Jamie and Leanne are the best of friends and the two girls find themselves constantly being caught up in trouble including the London riots which saw hundreds of police try and stop the chaos happening in the city. Neither have anyone to rely on and their lives have offered them little in the way of love and affection all these things makes their bond of friendship that much stronger.
Both the teenage girls live in a group home called Alpha House which homes some of society's most at risk kids. Jamie finds herself taken on by a new case worker who's called Kate; the in-house worker has a caring heart and reads about how Jamie lost her mother to a heroin overdose.
One day as Kate's walking the halls, she heard Jamie singing to herself in her bedroom, Kate encourages Jamie by telling her about her good vocal skills but the conversation is soon cut short of Leanne and her continually snappy demeanor.
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Mo and Rashid are the sons of two Egyptian immigrants growing up in a cultured household. However, living in the unpredictable town of Hackney in East London has had its effect on them as they have grown older, with Rashid getting involved in a local gang and Mo unhealthily admiring him. Rashid feels guilty about the life his brother is destined to lead and attempts to save for his college fees through dealing drugs. It isn't long before Rashid gets a taste of a life without violence or drug-dealing as he meets an affluent photographer who also forces Rashid to question much more about himself. Unbeknownst to him at first, Mo is becoming more involved with the world Rashid left behind which threatens to tear apart the bond between these once close siblings.
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Sharply well-observed, this punchy British drama is packed with rising-star talent, including its gifted first-time writer-director, an engaging young cast and skilled cinematographer David Raedeker. The film also daringly tackles hot potato issues without ever getting preachy about them: this is an intimate, deeply involving story that can't help but make us think.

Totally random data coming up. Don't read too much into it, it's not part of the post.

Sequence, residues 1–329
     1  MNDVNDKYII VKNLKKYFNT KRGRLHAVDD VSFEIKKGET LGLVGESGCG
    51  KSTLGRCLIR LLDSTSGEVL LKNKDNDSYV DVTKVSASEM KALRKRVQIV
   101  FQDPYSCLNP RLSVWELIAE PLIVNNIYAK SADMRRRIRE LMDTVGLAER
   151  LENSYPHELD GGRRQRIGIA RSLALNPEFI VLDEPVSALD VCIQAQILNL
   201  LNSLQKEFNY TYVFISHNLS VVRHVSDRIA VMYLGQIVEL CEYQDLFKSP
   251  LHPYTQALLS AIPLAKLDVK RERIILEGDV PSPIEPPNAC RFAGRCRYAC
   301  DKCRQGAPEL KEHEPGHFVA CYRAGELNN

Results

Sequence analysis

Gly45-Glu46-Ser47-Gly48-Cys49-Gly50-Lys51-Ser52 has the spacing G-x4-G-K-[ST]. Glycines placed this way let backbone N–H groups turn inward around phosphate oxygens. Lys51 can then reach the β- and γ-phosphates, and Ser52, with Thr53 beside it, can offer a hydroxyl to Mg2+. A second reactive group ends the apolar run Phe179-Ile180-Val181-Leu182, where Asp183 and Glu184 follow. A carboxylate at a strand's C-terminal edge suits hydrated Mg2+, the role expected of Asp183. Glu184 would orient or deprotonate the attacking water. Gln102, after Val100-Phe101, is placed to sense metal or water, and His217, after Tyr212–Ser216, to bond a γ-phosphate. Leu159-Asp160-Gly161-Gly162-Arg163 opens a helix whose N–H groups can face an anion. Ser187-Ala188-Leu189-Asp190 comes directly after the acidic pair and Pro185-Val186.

It's set in Hackney, where the British-born Mo (Elsayed) lives with his Egyptian parents. Mo is a sharp kid who has just finished his exams and has a bright future, but he idolises his cool big brother Rash (Floyd) and wants to join his drug gang. To protect Mo, Rash quits the gang and takes a proper job as assistant to a French-Arabic photographer (Taghmaoui). But when Mo discovers that Rash might be gay, he freaks out, offering to run drugs for the gang leader (Hamdouchi) and letting everyone think that Rash is actually a terrorist.
Instead of the usual urban London melodrama, this story is told through the relationships, which makes it hugely involving right from the start. This also lets the actors shine with transparent, honest performances that draw out the complexity in every situation. At the centre, Floyd creates wonderful textures in his protective interaction with the expressive, likeable Elfayed. As things begin to shift, their reactions are gripping. And this extends to scenes with side characters like Rash's best pal Izzi (Welsh) and Mo's tentative girlfriend Aisha (Wright).
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The teaser promises plenty of scares when 'IT' hits theatres later this year.
Jamie and Leanne are the best of friends and the two girls find themselves constantly...
Mo and Rashid are the sons of two Egyptian immigrants growing up in a cultured...